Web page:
The 230 from JBL Studios brings us back up to the world of the 6.5-inch main driver. It also has a one-inch tweeter to handle the top end. Each unit has rear-firing bass ports and gold-plated posts for speaker wire.
The 230 benefits from the High Definition Imaging sound design that JBL has developed over the years. That gives the 230 a very broad, deep soundstage without sacrificing clarity or volume.
The speakers are efficient when it comes to power. You can drive them with an amp between 20 and 150 watts. That large range provides you with budget-friendly amp options or choices to optimize performance for your space. A bigger amp will allow for more max volume.
JBL Studio is one of the bigger names in speaker development and design, so a new innovation like High Definition Imaging is worth a look. The resulting soundstage and bass are ideal for vinyl’s warmth and detail. There is no need to add a sub if you go with the 203s, especially with a bigger amp. You will get a powerful, refined bass tone with no adjustments required.
The Aeromax 2 from Cambridge also sits in the world of the 6.5 inch primary driver. However, instead of coming with the standard one-inch tweeter, the Aeromax 2 has a 2-inch tweeter. This significantly enhances both the mids and the treble tones. The bass isn’t far behind either, being rich and clear. The Aeromax 2 can sometimes sound like it loses a little detail in the mix, but it more than makes up for that with the quality of the tone. The crossover is almost impossible to spot thanks to some clever engineering. In terms of fit, it works best with lower tempos and fewer simultaneous voicings so that it can demonstrate its beautiful tone.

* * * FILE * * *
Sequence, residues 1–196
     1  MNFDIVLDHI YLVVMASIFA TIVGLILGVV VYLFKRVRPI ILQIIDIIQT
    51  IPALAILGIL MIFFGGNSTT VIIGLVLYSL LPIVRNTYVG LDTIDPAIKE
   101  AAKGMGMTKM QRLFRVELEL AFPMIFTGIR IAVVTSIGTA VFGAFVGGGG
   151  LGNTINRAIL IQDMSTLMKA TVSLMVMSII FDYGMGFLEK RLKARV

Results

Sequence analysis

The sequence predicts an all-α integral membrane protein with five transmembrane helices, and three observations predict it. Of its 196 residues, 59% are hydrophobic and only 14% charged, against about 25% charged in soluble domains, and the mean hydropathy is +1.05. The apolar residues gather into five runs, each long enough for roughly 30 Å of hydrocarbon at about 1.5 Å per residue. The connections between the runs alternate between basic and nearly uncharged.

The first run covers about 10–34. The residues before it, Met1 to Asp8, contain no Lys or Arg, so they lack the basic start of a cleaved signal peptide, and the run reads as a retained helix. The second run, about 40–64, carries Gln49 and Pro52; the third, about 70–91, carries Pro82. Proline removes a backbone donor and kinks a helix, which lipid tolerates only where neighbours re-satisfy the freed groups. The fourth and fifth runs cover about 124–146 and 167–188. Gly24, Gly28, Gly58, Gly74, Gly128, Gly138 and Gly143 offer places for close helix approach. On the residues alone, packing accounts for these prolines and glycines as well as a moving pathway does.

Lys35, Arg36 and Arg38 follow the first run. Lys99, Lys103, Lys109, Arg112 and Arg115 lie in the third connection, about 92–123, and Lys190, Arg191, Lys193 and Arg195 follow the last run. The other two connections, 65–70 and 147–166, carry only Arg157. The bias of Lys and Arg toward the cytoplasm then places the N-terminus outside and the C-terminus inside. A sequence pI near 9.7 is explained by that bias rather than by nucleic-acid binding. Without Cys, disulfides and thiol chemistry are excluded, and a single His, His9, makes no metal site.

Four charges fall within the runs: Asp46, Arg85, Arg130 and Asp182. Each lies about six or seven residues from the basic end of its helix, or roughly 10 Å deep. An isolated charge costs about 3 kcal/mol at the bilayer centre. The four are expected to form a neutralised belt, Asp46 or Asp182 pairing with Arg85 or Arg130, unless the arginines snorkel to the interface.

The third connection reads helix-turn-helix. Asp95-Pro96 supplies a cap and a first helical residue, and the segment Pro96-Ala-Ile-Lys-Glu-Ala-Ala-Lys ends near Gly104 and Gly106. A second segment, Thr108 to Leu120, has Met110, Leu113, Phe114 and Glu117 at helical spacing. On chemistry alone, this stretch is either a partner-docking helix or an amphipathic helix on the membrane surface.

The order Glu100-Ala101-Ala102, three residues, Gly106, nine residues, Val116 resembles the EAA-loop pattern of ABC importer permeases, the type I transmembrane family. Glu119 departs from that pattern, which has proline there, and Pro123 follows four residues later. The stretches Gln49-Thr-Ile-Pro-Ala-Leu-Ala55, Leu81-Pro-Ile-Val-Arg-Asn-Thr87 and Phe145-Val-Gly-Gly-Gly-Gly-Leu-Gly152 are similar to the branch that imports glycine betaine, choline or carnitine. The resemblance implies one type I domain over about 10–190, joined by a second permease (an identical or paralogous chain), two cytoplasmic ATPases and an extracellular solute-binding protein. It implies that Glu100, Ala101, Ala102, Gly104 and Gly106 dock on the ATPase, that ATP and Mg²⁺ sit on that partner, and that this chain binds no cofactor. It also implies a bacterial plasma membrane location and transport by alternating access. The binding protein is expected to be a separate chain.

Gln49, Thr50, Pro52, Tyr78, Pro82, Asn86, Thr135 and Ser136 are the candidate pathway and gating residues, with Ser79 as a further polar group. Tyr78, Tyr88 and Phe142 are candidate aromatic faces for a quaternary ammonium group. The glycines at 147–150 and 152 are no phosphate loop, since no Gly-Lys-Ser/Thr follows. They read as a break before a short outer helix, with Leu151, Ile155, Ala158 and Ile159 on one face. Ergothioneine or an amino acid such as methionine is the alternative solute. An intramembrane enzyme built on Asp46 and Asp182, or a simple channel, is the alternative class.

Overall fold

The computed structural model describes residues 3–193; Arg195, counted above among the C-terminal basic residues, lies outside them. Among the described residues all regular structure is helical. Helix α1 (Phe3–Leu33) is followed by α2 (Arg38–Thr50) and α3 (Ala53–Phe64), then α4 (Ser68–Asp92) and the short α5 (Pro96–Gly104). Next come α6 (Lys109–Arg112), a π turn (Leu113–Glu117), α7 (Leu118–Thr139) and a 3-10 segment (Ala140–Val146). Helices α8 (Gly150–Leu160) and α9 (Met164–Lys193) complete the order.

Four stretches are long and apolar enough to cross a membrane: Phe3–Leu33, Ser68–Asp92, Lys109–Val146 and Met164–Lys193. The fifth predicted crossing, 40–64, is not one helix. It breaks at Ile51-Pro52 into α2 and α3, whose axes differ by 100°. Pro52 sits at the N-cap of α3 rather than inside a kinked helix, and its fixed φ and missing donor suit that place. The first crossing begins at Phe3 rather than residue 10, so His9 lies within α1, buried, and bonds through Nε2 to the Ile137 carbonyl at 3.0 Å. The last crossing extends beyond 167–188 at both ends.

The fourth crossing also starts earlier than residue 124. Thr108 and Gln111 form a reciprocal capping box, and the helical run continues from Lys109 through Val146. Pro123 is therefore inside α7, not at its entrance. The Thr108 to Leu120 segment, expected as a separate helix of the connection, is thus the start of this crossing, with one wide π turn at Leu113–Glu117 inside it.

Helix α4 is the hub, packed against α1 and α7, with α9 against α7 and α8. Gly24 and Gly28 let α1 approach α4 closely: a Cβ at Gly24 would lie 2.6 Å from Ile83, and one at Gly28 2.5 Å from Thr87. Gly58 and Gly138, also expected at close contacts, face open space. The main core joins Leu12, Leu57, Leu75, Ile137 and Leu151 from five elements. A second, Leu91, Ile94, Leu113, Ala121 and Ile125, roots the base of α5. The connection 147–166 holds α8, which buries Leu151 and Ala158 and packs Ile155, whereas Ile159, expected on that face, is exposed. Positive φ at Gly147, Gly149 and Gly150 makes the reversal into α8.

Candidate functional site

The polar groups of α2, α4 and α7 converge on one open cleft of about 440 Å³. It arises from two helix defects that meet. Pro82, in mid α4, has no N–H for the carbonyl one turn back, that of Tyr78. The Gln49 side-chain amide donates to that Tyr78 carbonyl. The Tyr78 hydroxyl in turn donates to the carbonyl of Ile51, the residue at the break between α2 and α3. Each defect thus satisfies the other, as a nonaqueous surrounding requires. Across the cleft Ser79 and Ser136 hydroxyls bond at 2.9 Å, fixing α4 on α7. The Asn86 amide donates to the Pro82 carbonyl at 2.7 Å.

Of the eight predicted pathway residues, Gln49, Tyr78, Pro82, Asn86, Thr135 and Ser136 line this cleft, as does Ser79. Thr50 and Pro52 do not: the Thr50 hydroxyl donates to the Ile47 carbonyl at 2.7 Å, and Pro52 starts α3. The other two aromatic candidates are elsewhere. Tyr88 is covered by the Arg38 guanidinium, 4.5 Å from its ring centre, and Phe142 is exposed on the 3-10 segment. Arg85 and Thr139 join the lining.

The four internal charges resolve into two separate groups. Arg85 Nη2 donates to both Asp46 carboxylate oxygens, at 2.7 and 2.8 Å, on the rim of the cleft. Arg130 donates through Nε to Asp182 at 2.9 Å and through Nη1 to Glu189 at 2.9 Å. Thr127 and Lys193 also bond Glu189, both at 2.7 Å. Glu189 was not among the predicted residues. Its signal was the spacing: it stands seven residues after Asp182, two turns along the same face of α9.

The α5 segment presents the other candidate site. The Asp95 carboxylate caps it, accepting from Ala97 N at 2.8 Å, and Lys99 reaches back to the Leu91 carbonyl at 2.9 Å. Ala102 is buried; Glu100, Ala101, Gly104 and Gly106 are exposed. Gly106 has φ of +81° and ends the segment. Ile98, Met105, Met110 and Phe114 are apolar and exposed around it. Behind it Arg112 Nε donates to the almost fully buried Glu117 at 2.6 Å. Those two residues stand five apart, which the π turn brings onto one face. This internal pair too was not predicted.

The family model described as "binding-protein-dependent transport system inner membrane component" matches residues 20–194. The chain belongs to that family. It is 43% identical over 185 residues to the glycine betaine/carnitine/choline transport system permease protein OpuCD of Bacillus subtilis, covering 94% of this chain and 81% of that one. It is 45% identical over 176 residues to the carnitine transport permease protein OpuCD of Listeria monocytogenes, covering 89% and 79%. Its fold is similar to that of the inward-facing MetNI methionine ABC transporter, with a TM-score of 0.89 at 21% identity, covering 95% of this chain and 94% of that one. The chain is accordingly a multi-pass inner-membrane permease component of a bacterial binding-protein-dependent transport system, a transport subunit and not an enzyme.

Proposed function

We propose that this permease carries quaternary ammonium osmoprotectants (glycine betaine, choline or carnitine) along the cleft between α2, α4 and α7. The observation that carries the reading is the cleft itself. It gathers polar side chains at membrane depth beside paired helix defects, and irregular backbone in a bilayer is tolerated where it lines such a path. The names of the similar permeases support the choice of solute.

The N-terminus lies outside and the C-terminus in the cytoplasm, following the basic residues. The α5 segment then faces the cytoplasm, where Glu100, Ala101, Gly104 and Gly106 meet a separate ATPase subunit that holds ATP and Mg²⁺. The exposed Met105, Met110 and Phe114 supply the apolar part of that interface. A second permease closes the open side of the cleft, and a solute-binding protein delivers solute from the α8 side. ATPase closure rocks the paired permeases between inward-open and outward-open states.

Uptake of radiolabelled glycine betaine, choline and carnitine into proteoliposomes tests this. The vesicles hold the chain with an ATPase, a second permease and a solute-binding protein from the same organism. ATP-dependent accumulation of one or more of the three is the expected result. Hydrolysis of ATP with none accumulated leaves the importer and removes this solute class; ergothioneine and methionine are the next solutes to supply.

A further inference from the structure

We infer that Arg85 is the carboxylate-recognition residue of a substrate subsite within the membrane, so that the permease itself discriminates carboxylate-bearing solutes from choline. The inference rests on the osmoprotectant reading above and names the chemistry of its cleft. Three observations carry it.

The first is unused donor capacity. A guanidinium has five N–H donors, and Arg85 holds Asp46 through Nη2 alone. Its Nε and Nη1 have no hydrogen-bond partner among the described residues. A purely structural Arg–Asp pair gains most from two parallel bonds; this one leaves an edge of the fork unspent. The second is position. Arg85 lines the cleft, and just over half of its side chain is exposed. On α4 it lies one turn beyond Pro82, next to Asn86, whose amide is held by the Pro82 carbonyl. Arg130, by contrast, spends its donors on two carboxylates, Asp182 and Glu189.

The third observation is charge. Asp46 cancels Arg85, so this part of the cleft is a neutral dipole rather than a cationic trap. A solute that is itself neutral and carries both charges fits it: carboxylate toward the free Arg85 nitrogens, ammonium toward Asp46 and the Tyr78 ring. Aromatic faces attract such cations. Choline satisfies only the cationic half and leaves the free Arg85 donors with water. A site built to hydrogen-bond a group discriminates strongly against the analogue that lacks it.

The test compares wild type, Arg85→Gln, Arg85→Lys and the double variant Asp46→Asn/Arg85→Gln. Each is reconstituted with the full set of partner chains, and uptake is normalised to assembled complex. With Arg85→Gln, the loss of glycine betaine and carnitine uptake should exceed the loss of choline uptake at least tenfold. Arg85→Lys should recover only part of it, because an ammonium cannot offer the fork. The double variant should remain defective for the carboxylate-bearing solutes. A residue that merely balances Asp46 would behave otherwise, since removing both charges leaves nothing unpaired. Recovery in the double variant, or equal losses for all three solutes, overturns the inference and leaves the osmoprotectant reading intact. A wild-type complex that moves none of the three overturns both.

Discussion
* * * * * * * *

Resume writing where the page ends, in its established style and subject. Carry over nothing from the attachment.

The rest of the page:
The external design of the Aeromax 2 has the classical black matte paired with some white lacquer to highlight the drivers and bass port. That helps the speaker stand out from the mass of black matte designs.
KEF has taken an interesting path with the Q100. The speaker features just one driver spot- a 5.25 main woofer with a 1-inch tweeter located in its center. The objective of this design choice is to make the soundstage more omnipresent so that you won’t hear any differences in volume or tone as you move around the room. It loses a little bass power along the way, but the tradeoff is an interesting one. For example, if you like to play vinyls at parties, the Q100 set will ensure that there is no dead spot or weak zones anywhere.
If you plan to spend most of your time in stationary listening, then this feature probably doesn’t hold as much appeal. The soundstage is good, but not far-and-away better than the competition with the exception of the aforementioned even blanketing of the room.
Consider this a specialist speaker that can offer you an intriguing upside. The sound quality is excellent in general, but it’s the soundstage that makes the Q100 unique.